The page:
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Pa. House debates aid to Penn State, Pitt and other state-related schools

| Monday, Jan. 11, 2016, 4:15 p.m.

HARRISBURG — A push by the state House Republican majority to bypass a months-old state budget standoff and free up $578 million for state-related universities foundered Monday as party leaders failed to attract the required two-thirds majority.

Bills containing the annual state appropriations for four universities — Penn State, Pitt, Temple and Lincoln — and the University of Pennsylvania's veterinary school have languished as lawmakers from both major parties and Democratic Gov. Tom Wolf struggled to make a deal on a state budget for the fiscal year that began July 1.

GOP proponents of immediately approving the university appropriations argued that negotiators for all sides supported the increases of at least 5 percent and contended that the cost could be absorbed by spending that the governor cut from a scaled-down GOP budget plan approved last month.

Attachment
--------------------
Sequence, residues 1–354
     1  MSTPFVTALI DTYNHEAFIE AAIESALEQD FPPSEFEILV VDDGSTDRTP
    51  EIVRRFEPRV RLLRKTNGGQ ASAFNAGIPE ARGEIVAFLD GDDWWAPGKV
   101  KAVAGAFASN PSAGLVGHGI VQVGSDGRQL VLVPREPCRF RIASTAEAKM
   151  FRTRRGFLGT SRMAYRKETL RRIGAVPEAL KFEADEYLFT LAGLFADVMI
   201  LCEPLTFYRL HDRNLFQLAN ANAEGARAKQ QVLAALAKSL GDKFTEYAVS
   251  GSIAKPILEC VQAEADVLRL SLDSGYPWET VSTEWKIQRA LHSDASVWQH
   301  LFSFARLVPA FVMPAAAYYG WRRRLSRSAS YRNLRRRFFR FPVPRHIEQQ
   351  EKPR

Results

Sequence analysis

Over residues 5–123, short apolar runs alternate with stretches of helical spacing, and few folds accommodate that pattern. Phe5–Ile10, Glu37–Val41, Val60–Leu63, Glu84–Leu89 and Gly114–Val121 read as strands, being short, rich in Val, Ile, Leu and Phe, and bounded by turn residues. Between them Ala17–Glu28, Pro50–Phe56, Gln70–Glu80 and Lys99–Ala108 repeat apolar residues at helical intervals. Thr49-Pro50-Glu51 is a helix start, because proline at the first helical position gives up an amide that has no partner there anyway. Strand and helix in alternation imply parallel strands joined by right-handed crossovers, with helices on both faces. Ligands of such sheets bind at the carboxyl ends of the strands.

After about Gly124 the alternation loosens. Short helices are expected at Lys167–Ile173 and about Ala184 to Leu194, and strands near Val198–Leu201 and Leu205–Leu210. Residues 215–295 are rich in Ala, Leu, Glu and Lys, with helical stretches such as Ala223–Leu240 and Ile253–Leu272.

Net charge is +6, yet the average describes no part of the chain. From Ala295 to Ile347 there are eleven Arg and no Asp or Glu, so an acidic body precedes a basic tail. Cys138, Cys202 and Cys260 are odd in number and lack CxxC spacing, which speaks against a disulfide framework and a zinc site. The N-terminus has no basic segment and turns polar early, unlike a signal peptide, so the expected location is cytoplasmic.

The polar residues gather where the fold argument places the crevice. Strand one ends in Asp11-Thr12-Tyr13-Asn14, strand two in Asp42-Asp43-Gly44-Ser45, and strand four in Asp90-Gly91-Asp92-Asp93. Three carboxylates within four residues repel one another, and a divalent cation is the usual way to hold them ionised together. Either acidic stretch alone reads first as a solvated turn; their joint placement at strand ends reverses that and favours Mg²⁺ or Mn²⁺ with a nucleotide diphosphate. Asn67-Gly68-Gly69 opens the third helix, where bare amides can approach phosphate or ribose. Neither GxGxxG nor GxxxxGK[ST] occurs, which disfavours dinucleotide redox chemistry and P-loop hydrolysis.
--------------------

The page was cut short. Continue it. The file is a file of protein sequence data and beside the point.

Wolf released most of the spending in the $30.3 billion GOP budget, including some long-delayed funding for schools and social services. He supports a $30.8 billion alternative that calls for about $500 million more in spending than the GOP plan and unspecified tax increases totaling more than $1 billion.

Majority Leader Dave Reed said lawmakers should approve the bills and “keep our commitment” to the universities and their students, now halfway through the academic year.

“The math adds up,” Rep. William Adolph, chairman of the House Appropriations Committee, said in urging that the bills be approved. “I know how people in this chamber feel about Penn State University.”

Democrats said approving an appropriation for non-state entities before a complete state budget is in place could violate the state constitution.

It's “an exercise in wishful thinking. The money is not there,” said Rep. Dan Frankel, D-Squirrel Hill. “We are on our way to a train wreck.”

Rep. Frank Dermody of Oakmont, the House minority leader, said enacting the university bills would amount to “teasing the students of the commonwealth because there's no money to pay for it.”

“It's time to tell the people of Pennsylvania the truth,” he said.

One by one, the bills fell at least 19 votes short of the needed 134-vote majority.

Most of the proposed increases are 5 percent, but Lincoln would get 7 percent boost and the Pennsylvania College of Technology, a Penn State affiliate, would get an 11 percent increase.

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